The case of the parliament attack (5) on December 13, 2001, was no ordinary one. The Supreme Court regarded it as waging war against the state because the citadel of Indian democracy had been attacked. It was a case in which Mohammad Afzal, one of the accused and convicted of criminal conspiracy, was sent to the gallows. For, nothing less could have satisfied the ‘collective conscience of society’, as the Supreme Court was pleased to hold.

Afzal was too indigent to be able to afford a lawyer, and had exercised his fundamental right to demand legal aid from the state and the court. How the court dealt with it has been described later in this article, but before that one needs to understand that, in India, legal aid, despite all its trappings, is considered charity, not a bounden duty. Otherwise, how is it that there is not a single ruling laying down a set of minimum standards of legal assistance for the indigent accused?

Yug Mohit Chaudhry, who champions abolition of the death penalty, sums up the inextricable link between lack of effective legal aid and cases of mistrial and miscarriage of justice: ‘In the nine years from January 1, 2000, to December 31, 2009, the Supreme Court gave the death sentence in 30 cases. At least 14 of them were defended on legal aid, and many more had legal-aid lawyers in the earlier stages. Twelve of the 14 prisoners wrongly sentenced to death in the Ravji cases, including Ravji himself, who has been executed, were represented on legal aid.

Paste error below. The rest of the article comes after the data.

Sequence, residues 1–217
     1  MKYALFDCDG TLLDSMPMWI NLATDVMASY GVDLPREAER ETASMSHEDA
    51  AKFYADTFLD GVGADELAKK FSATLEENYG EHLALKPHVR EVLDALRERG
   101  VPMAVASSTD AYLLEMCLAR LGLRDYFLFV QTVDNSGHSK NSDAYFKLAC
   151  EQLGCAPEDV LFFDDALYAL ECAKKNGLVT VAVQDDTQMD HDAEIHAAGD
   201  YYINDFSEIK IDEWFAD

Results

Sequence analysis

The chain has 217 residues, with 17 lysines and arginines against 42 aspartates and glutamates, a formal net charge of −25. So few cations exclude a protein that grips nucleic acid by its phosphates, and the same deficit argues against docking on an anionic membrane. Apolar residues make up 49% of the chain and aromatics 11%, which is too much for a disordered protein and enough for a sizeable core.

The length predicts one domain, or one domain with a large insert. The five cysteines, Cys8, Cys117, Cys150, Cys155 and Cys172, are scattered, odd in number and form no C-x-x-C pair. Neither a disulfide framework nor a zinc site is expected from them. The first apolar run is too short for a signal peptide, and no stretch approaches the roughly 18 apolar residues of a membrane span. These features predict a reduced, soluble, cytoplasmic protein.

‘In the US, where legal aid is more organised and better remunerated than it is in India, Justice Ruth Ginsburg of the US Supreme Court observed that she had never seen a death case coming in appeal to the Supreme Court where the defendant was well represented at the trial. It is hardly surprising, therefore, that most cases of miscarriage of justice, wrongful conviction and executions have been defended at some stage on legal aid. Prisoners facing the death sentence who are handicapped by poverty are doomed ab initio by a system that pays legal aid lawyers a pittance for their work.’ (6)

Monroe H Freedman in his seminal work, Understanding Lawyers' Ethics (1990), regards the right to counsel as the most important of all rights because it is inextricably linked to the ‘client’s ability to assert all other rights’ (7). Through adversarial advocacy, the lawyer functions to uphold the client’s rights, and protect the client’s autonomy, dignity, and freedom (8).